The United Nations Educational, Scientific, Cultural, and Communications Organization (UNESCO) grew from seeds planted during World War II and enjoyed bipartisan Congressional support as it joined the UN family in the 1940s. But controversy overtook it; the United States withdrew by 1984. It re-entered nearly twenty years later, but objecting to the agency’s 2011 vote to admit the Palestinian Authority, it began extracting itself once again. Barring a political miracle, the United States will assume observer status by this time next year. What will be the consequences?
A scholar of the French Enlightenment, Richard T. Arndt joined the United States Information Agency in 1961 after receiving his doctorate from Columbia. He served as a cultural diplomat until 1985, working in Lebanon, Sri Lanka, Iran, Italy, and France. He has taught at the University of Virginia and George Washington University. Besides The First Resort of Kings (2005), his publications include The Fulbright Difference, 1948-92 (1993).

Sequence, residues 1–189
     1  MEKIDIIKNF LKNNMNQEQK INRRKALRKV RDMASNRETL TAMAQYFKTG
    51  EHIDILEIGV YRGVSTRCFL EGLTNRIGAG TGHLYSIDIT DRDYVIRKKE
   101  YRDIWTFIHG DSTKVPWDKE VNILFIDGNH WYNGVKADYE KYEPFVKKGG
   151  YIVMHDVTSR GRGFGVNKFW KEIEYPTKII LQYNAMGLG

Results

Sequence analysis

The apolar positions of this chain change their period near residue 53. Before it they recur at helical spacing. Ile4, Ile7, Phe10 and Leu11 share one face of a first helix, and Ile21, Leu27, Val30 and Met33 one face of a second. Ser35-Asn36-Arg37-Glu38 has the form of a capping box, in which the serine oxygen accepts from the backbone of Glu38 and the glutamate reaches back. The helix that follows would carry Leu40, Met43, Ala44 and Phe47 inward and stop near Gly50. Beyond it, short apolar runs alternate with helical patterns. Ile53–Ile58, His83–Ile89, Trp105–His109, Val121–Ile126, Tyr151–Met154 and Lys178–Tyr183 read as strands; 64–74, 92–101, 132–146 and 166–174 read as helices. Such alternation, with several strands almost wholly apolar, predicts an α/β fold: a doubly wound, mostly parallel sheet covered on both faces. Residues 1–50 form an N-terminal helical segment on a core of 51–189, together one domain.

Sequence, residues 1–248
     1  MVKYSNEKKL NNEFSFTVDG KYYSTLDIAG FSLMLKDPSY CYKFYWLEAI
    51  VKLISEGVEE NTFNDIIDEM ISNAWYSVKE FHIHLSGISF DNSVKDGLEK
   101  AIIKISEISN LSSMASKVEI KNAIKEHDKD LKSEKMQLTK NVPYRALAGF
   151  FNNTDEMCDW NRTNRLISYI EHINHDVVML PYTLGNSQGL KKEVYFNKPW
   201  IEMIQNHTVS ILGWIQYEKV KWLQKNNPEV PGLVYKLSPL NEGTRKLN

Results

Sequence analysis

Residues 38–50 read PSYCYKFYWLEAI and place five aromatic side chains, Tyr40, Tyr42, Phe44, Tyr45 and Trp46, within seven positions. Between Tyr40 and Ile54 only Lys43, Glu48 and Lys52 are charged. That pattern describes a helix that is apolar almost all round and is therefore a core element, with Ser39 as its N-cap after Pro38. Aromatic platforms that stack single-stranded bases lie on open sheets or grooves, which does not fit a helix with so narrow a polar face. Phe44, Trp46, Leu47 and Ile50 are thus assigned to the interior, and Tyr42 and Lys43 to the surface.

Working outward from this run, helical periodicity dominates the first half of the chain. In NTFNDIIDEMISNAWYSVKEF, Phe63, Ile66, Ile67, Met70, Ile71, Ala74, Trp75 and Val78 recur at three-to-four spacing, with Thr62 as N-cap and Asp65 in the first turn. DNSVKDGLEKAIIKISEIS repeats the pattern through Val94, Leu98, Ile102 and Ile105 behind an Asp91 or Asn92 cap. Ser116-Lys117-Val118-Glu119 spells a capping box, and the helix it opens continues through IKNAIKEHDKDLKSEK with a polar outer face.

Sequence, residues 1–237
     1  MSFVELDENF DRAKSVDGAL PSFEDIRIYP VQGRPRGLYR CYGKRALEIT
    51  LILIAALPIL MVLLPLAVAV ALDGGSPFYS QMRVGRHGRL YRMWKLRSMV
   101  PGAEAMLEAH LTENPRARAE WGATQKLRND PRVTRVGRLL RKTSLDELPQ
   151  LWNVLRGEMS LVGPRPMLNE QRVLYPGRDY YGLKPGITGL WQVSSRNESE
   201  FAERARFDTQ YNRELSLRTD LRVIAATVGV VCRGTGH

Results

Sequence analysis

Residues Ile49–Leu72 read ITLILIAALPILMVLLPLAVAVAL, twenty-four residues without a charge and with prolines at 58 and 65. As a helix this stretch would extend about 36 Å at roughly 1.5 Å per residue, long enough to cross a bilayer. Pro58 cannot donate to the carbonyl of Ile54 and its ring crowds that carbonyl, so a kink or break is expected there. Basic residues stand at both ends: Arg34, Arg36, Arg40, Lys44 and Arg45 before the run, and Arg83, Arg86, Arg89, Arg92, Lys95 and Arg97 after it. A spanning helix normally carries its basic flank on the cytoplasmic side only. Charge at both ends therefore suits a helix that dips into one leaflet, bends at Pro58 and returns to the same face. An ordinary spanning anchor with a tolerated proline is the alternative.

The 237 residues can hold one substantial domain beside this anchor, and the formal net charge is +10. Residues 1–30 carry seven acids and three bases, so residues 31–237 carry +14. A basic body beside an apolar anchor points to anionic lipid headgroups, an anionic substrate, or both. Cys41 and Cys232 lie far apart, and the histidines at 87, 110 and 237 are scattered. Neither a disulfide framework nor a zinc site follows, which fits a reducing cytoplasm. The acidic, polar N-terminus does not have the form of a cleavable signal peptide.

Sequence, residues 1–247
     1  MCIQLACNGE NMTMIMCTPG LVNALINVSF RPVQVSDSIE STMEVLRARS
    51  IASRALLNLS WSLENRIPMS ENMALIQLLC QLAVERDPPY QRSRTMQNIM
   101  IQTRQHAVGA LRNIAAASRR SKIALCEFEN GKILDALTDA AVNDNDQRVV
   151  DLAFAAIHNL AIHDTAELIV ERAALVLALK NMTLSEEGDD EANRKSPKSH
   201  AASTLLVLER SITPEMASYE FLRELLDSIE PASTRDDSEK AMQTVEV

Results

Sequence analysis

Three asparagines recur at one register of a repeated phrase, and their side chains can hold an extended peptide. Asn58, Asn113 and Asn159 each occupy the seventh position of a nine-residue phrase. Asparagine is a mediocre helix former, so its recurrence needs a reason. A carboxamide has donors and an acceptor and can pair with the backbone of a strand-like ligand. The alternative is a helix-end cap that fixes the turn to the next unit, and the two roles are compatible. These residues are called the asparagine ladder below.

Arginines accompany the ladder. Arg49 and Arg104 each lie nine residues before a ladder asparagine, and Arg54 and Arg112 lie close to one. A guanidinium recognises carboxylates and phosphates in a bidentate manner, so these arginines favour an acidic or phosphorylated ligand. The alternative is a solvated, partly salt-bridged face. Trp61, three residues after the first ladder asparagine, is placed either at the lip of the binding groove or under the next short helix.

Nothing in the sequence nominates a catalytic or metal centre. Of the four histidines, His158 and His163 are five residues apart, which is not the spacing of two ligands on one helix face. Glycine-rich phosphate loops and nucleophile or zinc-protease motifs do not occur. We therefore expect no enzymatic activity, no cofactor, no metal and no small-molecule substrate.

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Monday November 26: Max Holland on Mark Felt as “Deep Throat”